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Much like COVID-19 has turned Ben Shapiro into a socialist, the pandemic compelled me to reevaluate my bias against video chatting. During the first few days of being stuck at home, social distancing was marginally enjoyable—it made me feel like a hero by sitting on my ass. Soon, however, I felt like Matt Damon’s bored teenage daughter in Contagion, only I’m fairly certain my husband won’t throw me a fake prom when this is all over. Anthony Fauci never told me how lonesome and irritating it would be to hole up indoors, organizing drawers and scrubbing stovetops and trying (in vain) to go a full hour without thinking about the coronavirus. I know every other responsible person is doing the same thing. But I didn’t feel like I was part of some broader communal sacrifice. I just felt sad.

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Then, a few days into quarantine, a good friend FaceTimed me out of the blue. My instinct was to mash that decline button, then plead with him to talk on the phone instead. But I had just talked to my mom on the phone for an hour, and I craved something new to look at after staring vacantly into space all that time. So I accepted. Suddenly, I felt a surge of joy, laced with righteous solidarity: My friend was going through exactly what I was. I peeped his bedroom, the athleisure strewn on the floor; I’ve been rocking coronavirus sweatpants too! I clocked the pile of books on his nightstand; I have also been reading 15 pages of five different books a night to distract myself from our living hell! I saw the malaise on his face, the gnawing anxiety in his eyes, and I could’ve sworn I was looking in a mirror.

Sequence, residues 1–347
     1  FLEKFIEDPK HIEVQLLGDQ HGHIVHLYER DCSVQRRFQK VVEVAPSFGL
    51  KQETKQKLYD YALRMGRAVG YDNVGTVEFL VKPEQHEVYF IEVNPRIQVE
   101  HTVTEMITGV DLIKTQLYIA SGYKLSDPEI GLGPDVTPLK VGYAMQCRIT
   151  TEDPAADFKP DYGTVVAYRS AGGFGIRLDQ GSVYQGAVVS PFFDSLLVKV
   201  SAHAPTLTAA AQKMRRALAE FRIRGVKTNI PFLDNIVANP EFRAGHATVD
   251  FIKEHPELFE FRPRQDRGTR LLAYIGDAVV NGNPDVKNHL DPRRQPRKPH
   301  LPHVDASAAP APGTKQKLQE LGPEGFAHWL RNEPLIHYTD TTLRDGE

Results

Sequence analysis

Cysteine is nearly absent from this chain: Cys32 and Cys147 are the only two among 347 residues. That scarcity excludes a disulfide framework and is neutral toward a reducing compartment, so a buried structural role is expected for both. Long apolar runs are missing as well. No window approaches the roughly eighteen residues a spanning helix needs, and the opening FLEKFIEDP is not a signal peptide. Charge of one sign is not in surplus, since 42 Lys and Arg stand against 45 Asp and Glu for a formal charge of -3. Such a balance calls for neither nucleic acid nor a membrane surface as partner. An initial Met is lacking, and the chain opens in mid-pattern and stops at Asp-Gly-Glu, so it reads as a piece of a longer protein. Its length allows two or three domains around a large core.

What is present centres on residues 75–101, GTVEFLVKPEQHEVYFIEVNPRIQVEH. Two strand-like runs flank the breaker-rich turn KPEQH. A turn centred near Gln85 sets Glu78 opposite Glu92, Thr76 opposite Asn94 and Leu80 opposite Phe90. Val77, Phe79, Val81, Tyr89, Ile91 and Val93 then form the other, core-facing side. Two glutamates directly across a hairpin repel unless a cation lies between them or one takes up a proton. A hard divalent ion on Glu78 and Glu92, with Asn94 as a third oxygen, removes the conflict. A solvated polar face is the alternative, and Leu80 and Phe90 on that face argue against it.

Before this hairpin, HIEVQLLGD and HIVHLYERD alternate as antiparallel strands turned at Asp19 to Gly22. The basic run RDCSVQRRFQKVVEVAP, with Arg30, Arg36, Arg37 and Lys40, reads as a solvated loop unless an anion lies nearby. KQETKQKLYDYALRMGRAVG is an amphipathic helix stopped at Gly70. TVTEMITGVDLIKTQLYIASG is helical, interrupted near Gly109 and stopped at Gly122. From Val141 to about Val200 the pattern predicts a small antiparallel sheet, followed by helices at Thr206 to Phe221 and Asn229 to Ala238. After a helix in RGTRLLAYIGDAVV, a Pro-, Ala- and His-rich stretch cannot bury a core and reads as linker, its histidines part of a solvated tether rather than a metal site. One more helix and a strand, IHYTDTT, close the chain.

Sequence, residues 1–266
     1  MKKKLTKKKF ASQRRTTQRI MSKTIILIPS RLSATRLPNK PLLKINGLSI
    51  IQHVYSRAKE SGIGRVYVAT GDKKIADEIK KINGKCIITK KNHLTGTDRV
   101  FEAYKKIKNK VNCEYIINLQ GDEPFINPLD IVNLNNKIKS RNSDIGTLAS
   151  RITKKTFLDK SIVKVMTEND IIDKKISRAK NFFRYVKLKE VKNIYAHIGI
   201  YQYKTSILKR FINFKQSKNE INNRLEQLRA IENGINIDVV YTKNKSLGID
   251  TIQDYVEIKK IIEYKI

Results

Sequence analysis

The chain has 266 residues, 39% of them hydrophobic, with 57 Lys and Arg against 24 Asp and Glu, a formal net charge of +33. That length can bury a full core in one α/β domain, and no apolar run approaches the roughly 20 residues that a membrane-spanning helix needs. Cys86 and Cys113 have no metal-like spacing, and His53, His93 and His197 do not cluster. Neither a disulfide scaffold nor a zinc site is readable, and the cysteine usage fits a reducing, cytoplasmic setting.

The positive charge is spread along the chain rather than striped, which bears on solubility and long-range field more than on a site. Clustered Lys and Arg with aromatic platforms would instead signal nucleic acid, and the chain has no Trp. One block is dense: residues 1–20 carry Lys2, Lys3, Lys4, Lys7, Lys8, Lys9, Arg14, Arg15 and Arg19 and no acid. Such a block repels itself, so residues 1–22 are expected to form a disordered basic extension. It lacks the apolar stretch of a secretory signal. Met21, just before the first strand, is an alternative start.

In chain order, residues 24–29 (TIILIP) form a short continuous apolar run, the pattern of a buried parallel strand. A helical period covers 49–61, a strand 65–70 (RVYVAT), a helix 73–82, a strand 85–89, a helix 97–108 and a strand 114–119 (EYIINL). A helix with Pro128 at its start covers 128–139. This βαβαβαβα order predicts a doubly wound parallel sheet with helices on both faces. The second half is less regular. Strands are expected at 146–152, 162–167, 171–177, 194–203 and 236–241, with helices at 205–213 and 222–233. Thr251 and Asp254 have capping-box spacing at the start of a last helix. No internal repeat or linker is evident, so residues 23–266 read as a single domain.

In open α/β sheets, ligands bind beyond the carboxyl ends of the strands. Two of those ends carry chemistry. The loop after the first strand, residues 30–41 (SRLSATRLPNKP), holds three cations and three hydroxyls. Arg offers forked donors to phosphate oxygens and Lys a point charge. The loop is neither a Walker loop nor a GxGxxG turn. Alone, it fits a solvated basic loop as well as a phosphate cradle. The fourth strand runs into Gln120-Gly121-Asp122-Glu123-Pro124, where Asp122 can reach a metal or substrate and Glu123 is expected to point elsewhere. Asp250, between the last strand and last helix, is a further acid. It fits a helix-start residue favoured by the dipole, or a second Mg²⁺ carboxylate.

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No longer did I care about the two-second delay, the weird glitches and echoes, the surreality of the medium. I felt like we were members of some underground movement lifting each other’s spirits in the midst of a war. Or maybe just friends unwinding together after a long day’s work. The important thing is that I felt comforted and heartened, not cooped up and isolated. We commiserated about the pandemic. We exchanged hopes and fears. We gave virtual tours of our tiny apartments, pointing out signs of chaos (where am I supposed to store my LaCroix stockpile?!) and coping (are pizza-flavored Pringles socially acceptable yet?). And we traded tips to stop ourselves from losing our minds. After that revelation, my husband and I altered our routine: Every night after work, we make three video calls to friends and family. It has become the highlight of my day.

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Typically, when humans participate in a mass movement to protect something important, we do it together: a rally downtown, a petition drive, a charity auction, whatever—we come face to face with the people who share our cause. COVID-19 is different. The most critical thing we can do to stop its spread is not come face to face, at least in person. And that’s a challenge, because we can’t feed off our mutual enthusiasm for a good cause. Nor can we easily express our energetic desire to help, because most of us can only help by doing nothing.

Video chatting resolves this paradox. I can witness, with my own eyes, my friends going through the same struggles that I am. We can feel simultaneously heroic and pathetic, and we can do it together, warding off the coronavirus jitters with a sense of pride and purpose. We may not be in the same apartment. But we are in the same boat.

Future Tense is a partnership of Slate, New America, and Arizona State University that examines emerging technologies, public policy, and society.